AEP seeks $5 million from Verizon for shared poles
CHARLESTON - Two of the state's largest utility companies are on opposite ends of a $5 million lawsuit.
Appalachian Power Company and Wheeling Power Company, jointly known as American Electric Power filed a lawsuit March 21 against Verizon West Virginia.
The suit, filed by Gina Mazzei-Smith, says Verizon violated a contract between the two companies, where the companies split costs of utility poles on poles they shared. AEP seeks more than $5 million in compensation for a breach of contract concerning the shared poles.
In an agreement dated July 1, 1986, AEP and Verizon, which was then the Chesapeake and Potomac Telephone Company of West Virginia, have been sharing the cost and operations of building and maintaining a utility pole system in territories where their services overlap.
The agreement required the parties to compensate each other, using a three-factor rate formula.
The first factor requires the parties to determine their annual pole-related costs; the second requires the parties to determine the number of affected poles; and the third requires the parties to apply the cost allocation percentages specified in the agreements, the suit states.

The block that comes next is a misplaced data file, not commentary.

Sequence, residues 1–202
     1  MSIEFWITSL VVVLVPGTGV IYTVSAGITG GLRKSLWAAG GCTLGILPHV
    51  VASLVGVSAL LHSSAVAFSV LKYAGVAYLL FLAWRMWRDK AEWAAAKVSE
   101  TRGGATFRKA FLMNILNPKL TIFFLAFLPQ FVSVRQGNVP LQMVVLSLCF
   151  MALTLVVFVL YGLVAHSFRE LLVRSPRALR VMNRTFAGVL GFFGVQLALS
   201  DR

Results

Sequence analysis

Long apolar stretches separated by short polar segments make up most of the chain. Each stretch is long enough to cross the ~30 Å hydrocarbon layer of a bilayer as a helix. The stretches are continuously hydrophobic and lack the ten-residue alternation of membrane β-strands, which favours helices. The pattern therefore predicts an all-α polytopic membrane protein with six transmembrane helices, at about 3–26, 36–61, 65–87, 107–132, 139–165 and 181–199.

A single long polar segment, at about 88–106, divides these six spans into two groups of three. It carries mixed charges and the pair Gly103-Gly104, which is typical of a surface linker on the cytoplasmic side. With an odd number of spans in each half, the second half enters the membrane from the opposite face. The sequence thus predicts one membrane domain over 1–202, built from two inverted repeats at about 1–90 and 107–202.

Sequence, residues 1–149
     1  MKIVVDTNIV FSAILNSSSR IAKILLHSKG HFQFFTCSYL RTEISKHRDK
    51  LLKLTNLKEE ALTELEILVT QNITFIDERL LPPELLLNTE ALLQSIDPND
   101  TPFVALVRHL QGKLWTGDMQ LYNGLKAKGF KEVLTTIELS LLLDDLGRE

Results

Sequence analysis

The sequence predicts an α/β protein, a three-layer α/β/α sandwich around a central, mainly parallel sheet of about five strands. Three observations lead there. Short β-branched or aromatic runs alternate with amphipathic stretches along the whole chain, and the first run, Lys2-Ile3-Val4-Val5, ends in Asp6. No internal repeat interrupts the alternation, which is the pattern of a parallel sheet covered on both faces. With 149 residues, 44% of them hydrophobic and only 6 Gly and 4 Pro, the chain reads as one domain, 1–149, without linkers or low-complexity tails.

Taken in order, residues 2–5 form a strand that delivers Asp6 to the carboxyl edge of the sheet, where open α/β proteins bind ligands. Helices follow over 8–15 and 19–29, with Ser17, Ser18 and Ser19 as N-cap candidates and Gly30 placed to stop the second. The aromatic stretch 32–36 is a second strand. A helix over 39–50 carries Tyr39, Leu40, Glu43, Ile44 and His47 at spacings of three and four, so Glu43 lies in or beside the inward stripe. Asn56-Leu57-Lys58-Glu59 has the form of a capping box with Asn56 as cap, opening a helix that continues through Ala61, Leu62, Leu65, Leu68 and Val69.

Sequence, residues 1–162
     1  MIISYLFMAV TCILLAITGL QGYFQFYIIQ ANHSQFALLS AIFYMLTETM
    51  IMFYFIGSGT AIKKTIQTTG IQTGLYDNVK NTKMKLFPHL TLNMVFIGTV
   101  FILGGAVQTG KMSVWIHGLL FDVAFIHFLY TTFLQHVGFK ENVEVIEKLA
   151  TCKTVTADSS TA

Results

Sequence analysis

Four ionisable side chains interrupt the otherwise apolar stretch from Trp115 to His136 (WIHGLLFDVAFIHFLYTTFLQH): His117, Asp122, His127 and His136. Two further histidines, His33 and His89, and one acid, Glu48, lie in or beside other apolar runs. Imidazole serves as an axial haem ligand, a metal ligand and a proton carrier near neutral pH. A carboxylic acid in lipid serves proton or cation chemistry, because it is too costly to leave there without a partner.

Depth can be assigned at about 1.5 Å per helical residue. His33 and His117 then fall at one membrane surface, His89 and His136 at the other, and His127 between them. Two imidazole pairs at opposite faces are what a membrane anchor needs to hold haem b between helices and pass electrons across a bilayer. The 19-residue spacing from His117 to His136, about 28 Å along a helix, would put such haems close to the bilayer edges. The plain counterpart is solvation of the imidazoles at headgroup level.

The Space Allocation Percentage for AEP is 55.625 percent, which means AEP must compensate Verizon each year for that percentage. The Space Allocation for Verizon is 44.375 percent.
In 2002, Verizon drafted a letter in which it proposed a temporary proxy to determine the first factor, the annual pole-related costs. AEP agreed to the proxy, which was in place until it was terminated by Verizon in 2006, the suit says.
However, the letter agreement did not terminate the underlying agreement, and Verizon now is refusing to compensate AEP for the use of the utility poles, the suit says.
In June 2006, AEP sent an invoice to Verizon for annual joint use rental due for 2006, totaling more than $7.9 million, the suit says. According to the lawsuit, Verizon paid only $2.6 million, leaving $5,216,040.34 due.
AEP seeks the remaining $5 million, plus interest and court fees used to attain the remaining rent.
The case has been assigned to Judge Louis Bloom.
Kanawha Circuit Court case number 07-C-506